Scientifically, the natural prolongation of the land under the sea can go up to the end of the continental margin. Mapping has involved plotting submarine contours that mark the outer edges of the continental shelf and establishing the foot of an underwater continental slope, thousands of metres down. Criteria are moveable, to reflect the subtle, and sometimes not so subtle, differences in the geological and geomorphological characteristics of the seabed. 'Governments are allowed to review submissions of other states, but the costs of surveying are so prohibitive that unless a state has acquired data, they couldn't possibly afford to go and revisit a site, although they can question the data,' says Pratt. …

The rest of this article is only available to active members of Questia

Sign up now for a free, 1-day trial and receive full access to:

  • Questia's entire collection
  • Automatic bibliography creation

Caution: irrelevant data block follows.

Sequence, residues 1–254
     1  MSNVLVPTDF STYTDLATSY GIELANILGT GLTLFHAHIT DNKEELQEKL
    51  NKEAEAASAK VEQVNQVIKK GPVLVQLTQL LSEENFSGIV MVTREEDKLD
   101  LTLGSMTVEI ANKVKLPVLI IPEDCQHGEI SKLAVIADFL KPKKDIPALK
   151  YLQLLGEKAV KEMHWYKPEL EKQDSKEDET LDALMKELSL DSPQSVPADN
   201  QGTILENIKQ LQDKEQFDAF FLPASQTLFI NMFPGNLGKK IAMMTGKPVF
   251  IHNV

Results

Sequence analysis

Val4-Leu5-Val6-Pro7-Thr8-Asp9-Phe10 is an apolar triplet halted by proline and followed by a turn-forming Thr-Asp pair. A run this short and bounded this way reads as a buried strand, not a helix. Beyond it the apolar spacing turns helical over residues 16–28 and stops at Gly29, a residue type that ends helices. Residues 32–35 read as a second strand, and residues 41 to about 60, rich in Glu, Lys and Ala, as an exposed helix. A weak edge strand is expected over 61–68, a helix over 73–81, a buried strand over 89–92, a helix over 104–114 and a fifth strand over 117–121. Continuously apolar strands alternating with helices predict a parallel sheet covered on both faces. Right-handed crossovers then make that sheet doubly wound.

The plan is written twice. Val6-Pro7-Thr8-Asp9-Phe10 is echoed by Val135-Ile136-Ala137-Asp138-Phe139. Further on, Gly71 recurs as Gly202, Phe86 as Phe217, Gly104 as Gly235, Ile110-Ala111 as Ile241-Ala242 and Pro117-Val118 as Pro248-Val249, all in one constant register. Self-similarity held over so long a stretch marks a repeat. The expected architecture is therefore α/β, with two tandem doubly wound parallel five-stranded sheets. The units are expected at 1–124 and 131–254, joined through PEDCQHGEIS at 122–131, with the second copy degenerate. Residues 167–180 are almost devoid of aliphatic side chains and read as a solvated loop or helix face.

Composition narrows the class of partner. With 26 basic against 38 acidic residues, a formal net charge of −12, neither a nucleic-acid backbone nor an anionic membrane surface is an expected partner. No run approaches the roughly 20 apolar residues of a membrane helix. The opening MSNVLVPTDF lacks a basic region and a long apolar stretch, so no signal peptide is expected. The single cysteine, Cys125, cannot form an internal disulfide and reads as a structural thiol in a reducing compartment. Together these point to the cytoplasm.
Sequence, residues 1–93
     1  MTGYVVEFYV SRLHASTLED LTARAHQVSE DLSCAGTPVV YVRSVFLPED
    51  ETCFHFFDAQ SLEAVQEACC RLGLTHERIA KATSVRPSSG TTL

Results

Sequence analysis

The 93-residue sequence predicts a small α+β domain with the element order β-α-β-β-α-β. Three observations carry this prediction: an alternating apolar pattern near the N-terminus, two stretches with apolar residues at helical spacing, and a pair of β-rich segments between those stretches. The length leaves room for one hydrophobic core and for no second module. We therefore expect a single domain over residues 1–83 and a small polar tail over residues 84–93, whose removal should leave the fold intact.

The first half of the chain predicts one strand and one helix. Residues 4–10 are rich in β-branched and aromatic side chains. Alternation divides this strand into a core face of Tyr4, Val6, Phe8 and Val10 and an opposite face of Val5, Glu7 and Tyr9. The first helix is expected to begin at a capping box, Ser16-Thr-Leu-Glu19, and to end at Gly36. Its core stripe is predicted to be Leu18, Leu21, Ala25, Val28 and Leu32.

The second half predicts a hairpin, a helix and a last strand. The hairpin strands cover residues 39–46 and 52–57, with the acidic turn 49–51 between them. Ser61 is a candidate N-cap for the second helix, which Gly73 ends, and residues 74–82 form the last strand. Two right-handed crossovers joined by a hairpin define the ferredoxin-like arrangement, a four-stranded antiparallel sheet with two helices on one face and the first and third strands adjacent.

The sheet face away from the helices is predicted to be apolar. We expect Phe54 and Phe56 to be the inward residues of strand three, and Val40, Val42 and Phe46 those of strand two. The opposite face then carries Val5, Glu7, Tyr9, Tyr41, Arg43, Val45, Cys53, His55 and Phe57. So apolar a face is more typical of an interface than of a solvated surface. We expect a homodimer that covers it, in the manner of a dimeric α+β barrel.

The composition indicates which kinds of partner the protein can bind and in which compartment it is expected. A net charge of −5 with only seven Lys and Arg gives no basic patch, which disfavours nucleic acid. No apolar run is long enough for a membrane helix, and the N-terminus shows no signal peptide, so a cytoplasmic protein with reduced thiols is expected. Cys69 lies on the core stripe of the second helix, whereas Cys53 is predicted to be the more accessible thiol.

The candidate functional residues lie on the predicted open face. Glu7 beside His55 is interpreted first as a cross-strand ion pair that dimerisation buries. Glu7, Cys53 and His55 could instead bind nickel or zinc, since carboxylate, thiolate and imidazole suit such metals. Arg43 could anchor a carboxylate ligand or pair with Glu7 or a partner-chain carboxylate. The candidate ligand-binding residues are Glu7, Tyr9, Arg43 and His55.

• More helpful research tools like notes, citations, and highlights
  • Ad-free environment

Already a member? Log in now.

Notes for this article

Add a new note
If you are trying to select text to create highlights or citations, remember that you must now click or tap on the first word, and then click or tap on the last word.
One moment ...
Default project is now your active project.
Project items

Items saved from this article

This article has been saved
Highlights (0)
Some of your highlights are legacy items.

Highlights saved before July 30, 2012 will not be displayed on their respective source pages.

You can easily re-create the highlights by opening the book page or article, selecting the text, and clicking “Highlight.”

Citations (0)
Some of your citations are legacy items.

Any citation created before July 30, 2012 will labeled as a “Cited page.” New citations will be saved as cited passages, pages or articles.

We also added the ability to view new citations from your projects or the book or article where you created them.

Notes (0)
Bookmarks (0)

You have no saved items from this article